With the rise of digital housing search tools, it’s become easier than ever for prospective renters to see what’s available in their preferred neighborhoods and price range. However, even with these services and listings websites like Zillow and Redfin making information about rental costs more accessible, some prospective renters may still be uncertain about how much rent they can afford.
If you’re moving into a new apartment and have no idea how much rent you can afford or need to know how much rent you can afford in order to sign a lease, this guide will equip you with the information you need to make an informed decision. As we’ll explain, there are many different factors that go into determining your affordability as a renter – especially if you plan on renting long-term. With that in mind, read on to understand more about this topic and how it applies to your situation as a renter.
What is rent-to-income ratio?
Let’s start with some basics: the rent-to-income ratio is a measure that determines how much you can spend on housing (i.e. rent) relative to your income. The figures for this ratio are typically set for different types of renters, with the general recommendation being that a ratio below 30% is ideal for most renters. The ratio is usually calculated on a quarterly or annual basis, and the base measurement is your annual rent amount divided by your gross annual income.
If you prefer to think of this ratio in terms of your monthly payment, you can simply divide your annual rent by 12 to get the monthly figure. In order to calculate your rent-to-income ratio, you’ll need to know two figures: your gross annual income and the amount of rent you plan to pay each month. While you can use this ratio to help determine if you can afford a specific rent amount, other factors like your credit score, debt-to-income ratio, and housing costs (e.g. insurance, property taxes) should also be taken into consideration.
How to calculate your rent-to-income ratio
There are several different ways to calculate the rent-to-income ratio, but the most common formula is the 28/36 rule: – 28% rule: If you make less than $40,000 per year, you can spend up to 28% of your income on rent. – 36% rule: If you make more than $40,000 per year, you can spend up to 36% of your income on rent. – Additional factors: Some landlords also take into account other factors, such as your debt-to-income ratio, credit score, etc.
If you’re in the market for a new place to live, you can use the rent-to-income ratio to gauge how much you can afford to pay in rent each month. Your gross annual income should be the same figure you used when calculating the ratio, while your monthly rent amount should be the amount you plan to pay each month. If the resulting ratio is 30% or lower, then you can likely afford the amount of rent you indicated.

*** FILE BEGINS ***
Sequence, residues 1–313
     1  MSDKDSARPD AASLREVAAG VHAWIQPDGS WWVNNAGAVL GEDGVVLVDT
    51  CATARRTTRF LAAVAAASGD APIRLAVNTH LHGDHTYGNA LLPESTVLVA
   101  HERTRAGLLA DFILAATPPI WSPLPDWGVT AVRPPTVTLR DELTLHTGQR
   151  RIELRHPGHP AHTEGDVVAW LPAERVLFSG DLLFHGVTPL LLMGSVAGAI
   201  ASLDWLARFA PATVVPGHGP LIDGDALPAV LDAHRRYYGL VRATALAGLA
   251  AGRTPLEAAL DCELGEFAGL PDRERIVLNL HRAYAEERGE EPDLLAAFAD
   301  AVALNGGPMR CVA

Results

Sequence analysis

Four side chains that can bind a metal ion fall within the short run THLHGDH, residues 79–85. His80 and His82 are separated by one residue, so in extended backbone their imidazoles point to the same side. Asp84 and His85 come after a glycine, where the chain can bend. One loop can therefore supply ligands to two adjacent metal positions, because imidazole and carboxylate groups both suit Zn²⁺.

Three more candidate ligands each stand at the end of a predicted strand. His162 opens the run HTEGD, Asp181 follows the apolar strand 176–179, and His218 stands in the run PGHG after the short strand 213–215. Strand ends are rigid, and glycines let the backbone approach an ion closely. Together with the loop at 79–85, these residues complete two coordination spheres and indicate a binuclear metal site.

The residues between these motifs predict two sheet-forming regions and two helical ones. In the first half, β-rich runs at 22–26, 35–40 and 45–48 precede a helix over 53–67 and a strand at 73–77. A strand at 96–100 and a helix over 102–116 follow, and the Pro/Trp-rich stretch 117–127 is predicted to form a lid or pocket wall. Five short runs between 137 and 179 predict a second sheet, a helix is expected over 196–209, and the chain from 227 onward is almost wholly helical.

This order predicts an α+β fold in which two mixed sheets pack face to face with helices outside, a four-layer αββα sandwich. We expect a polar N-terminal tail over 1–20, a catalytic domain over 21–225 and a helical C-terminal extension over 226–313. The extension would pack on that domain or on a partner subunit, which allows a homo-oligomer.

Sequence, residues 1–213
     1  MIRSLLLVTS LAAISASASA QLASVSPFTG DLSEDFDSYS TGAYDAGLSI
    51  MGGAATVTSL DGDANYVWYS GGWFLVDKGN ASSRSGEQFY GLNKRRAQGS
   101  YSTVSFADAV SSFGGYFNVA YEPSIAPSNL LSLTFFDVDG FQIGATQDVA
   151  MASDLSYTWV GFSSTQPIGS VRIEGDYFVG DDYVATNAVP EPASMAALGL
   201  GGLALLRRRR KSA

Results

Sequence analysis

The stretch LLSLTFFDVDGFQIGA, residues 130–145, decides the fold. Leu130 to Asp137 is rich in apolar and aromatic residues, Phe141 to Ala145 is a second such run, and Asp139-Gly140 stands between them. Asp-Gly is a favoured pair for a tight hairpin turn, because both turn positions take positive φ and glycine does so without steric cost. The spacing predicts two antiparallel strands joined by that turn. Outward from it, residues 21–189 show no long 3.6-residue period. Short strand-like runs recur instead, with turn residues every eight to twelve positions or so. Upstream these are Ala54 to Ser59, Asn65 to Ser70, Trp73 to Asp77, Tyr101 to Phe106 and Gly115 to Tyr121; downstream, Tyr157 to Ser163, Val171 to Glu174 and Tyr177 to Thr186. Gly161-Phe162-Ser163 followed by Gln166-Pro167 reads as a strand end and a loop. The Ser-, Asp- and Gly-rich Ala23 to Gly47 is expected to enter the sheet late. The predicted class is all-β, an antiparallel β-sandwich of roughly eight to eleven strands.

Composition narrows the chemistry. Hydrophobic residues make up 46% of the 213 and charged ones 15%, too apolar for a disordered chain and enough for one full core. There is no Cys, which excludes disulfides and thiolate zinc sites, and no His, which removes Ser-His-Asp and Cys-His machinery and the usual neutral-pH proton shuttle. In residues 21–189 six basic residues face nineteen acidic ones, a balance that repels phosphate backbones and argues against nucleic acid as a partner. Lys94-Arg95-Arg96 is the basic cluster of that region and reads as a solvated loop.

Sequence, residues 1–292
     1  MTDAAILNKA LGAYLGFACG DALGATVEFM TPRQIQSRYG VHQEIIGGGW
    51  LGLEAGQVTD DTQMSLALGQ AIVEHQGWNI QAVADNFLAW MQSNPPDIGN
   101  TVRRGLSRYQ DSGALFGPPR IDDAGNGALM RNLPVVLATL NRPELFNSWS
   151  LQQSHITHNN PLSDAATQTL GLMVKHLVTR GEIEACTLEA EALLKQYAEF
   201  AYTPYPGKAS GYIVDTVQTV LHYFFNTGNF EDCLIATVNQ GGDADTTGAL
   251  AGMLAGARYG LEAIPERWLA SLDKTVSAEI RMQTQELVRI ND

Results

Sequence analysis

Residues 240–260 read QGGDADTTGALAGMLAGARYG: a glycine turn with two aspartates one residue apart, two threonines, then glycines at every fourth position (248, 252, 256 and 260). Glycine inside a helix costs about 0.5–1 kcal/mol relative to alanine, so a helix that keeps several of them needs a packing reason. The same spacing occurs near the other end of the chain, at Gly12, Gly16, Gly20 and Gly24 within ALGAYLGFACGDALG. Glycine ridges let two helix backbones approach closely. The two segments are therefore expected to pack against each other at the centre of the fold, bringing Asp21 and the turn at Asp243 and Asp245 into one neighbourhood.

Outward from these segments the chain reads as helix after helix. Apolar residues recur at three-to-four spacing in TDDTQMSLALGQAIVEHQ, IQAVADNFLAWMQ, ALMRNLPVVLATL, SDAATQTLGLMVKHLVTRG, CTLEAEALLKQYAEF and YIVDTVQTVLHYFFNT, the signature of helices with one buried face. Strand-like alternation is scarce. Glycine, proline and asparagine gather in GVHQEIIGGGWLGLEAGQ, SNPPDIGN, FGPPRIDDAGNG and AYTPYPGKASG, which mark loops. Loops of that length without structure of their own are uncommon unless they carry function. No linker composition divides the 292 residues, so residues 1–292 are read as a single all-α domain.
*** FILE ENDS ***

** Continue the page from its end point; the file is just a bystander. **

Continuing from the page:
How much rent should you pay per month?
Figuring out how much rent you can afford is only half the battle. Before you can determine how much rent you can pay per month, you first must decide on what housing type you want to rent. Rental costs vary greatly depending on the type of dwelling you choose to live in. Apartment: If you prefer to live in an apartment, you can expect to pay an average of $1,456 per month, according to estimates from the National Low Income Housing Coalition (NLIHC).
An average 1-bedroom apartment costs $1,430 per month, while a 2-bedroom apartment costs $1,730 per month. House: If you prefer to rent a house, the average monthly cost is $1,368 per month. The monthly cost per house varies significantly based on location, size, and amenities. According to data from Trulia, houses in the Midwest tend to be the least expensive, while houses in the West cost the most.
How much should you pay in security/re-renting fee and move-in costs?
In addition to the cost of your rent, you’ll also have to pay move-in costs and security/re-renting fees. Move-in costs are one-time expenses, such as the price you pay to get your utilities connected and sign a lease. Security/re-renting fees are costs you’ll pay at the beginning of your lease. These fees are designed to protect your landlord against damages.
When calculating your move-in costs and security/re-renting fees, remember to take into account any fees that vary by unit type. While you may pay the same amount for utilities and other miscellaneous fees regardless of what type of dwelling you rent, other costs – like the application fee, security/re-renting fee, and pet fees – may differ based on the type of dwelling you choose to rent.
No one can predict the future, but we can make informed decisions based on what we know today. While renting is a good option for many people, there are a lot of factors to consider when determining if it’s a smart financial decision for you. This guide will equip you with the knowledge base you need to make an informed decision about your housing situation. As we’ve explained, there are many different factors that go into determining your affordability as a renter – especially if you plan on renting long-term. The important thing is to understand your situation and know what questions to ask to ensure you’re making the best possible decision for you and your budget.